Government plans to scrap a bill to regulate how schools enrol children have led to accusations of wasting years of detailed consultations on new laws.
Under a plan in the new Programme for Government, Education Minister Richard Bruton begins consulting today with opposition parties and other Dáil groupings before introducing a new School Admissions Bill.
While the minister insists he must do so to ensure getting the law passed, his predecessor, Labour TD Jan O’Sullivan said he could simply amend the School Admissions Bill she introduced in April 2015.
It was based on nearly three years of consultation with education groups and the Oireachtas Education Committee on initial proposals and draft legislation from her predecessor and party colleague Ruairi Quinn.
There were public differences with Fine Gael over both Labour ministers’ planned limits on how many places schools could hold for children of past pupils.
“If the new Government were proposing changes on that issue, they could still do so by going ahead with the existing bill or amending it, and changing the regulations dealing with past pupils,” she said.
“Our bill hadn’t even got through the Dáil, it was ready to go since early last year but it never got the Dáil time,” she said.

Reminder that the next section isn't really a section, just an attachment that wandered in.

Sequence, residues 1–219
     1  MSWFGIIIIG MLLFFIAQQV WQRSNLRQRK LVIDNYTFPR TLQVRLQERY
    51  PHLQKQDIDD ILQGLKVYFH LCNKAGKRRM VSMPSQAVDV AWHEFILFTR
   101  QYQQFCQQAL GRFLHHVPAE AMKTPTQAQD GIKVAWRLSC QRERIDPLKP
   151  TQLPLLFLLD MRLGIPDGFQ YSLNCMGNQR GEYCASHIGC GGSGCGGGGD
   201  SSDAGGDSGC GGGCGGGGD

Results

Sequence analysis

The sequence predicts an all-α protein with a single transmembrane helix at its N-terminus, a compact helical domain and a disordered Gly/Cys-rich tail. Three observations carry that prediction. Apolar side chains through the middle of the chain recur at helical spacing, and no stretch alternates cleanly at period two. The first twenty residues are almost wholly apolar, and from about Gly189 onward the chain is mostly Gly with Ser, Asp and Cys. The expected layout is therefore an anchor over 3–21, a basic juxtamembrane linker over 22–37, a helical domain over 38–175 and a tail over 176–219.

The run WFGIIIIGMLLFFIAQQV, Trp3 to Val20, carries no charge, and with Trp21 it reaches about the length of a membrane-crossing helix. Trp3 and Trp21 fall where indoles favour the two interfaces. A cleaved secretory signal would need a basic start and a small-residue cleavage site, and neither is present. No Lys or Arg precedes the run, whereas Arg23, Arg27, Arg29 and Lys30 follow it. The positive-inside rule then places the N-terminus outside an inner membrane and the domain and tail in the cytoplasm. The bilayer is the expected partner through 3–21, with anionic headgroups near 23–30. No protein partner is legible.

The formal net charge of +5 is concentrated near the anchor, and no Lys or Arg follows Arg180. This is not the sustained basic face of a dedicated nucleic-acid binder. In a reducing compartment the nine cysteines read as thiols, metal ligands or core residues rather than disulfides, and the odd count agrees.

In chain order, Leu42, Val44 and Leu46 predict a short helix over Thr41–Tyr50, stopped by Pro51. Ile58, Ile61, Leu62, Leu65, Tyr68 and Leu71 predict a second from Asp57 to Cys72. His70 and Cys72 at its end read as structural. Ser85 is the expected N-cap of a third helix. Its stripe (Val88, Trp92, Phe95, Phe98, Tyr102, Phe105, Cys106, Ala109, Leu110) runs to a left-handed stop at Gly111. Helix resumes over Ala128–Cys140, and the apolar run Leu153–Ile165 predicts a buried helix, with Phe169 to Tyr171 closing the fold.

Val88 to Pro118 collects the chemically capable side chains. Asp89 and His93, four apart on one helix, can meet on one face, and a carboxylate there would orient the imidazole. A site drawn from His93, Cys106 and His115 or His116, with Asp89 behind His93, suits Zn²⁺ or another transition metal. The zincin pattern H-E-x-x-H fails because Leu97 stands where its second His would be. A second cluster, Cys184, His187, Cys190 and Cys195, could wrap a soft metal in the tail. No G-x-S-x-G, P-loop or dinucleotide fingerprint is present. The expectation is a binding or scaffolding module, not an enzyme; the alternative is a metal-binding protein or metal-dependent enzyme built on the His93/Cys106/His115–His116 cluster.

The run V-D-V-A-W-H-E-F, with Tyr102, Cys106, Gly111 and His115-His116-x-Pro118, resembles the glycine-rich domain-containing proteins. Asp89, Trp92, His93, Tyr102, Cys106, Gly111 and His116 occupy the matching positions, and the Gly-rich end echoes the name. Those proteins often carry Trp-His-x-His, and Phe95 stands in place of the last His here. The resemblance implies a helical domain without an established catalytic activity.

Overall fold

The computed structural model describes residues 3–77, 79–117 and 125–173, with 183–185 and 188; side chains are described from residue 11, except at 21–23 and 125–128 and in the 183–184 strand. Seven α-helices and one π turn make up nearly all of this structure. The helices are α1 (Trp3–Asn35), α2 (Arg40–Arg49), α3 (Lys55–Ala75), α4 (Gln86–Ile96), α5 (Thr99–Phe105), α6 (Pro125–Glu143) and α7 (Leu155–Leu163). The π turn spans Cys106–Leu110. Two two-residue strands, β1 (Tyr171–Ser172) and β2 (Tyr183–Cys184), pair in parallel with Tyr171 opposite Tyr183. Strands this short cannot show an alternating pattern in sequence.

But a spokesperson for Mr Bruton said the bill he hopes to introduce before the Dáil summer break would take account of current draft proposals, as set out in the Programme for Government.
“This Government does not have a majority. The minister’s interest is in providing a piece of legislation that stands the best possible chance of getting enacted and implemented quickly, so that children, parents and schools can quickly see the benefits,” he said.
“His belief is that the approach he is adopting, by drawing heavily on the existing legislation, taking the views of opposition parties, including Labour, publishing a new bill before the summer and proceeding to enactment as quickly as possible, provides the best possible chance of having these important laws in place as early as possible.”
It is unclear how it is planned to deal with the question of past pupils’ children, who the Oireachtas committee recommended schools should not be allowed reserve any places for. Ms O’Sullivan had suggested a 10% limit on numbers of places for those applicants, significantly lower than the 25% cap Ruairi Quinn initially proposed.
The previous bill and regulations proposed banning application fees to seek enrolment and first-come first-seved school waiting lists. An amendment proposed by Ms O’Sullivan, would have introduced a new appeal system for parents whose children were refused enrolment.
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